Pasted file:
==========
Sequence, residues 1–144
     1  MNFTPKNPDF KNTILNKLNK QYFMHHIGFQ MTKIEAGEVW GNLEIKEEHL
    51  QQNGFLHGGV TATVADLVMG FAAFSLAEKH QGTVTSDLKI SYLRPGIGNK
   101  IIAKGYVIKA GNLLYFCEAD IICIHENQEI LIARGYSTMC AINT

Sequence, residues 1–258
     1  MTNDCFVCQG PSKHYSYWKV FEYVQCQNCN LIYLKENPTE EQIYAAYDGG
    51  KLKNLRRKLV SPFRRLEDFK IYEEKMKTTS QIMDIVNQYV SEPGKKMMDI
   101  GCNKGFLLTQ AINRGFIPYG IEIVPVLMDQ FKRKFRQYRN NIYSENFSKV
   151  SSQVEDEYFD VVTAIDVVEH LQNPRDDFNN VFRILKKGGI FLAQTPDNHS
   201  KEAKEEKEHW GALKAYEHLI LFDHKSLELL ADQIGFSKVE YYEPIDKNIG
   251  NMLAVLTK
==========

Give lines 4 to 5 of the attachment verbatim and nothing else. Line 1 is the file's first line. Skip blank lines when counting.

   101  IIAKGYVIKA GNLLYFCEAD IICIHENQEI LIARGYSTMC AINT

Sequence, residues 1–258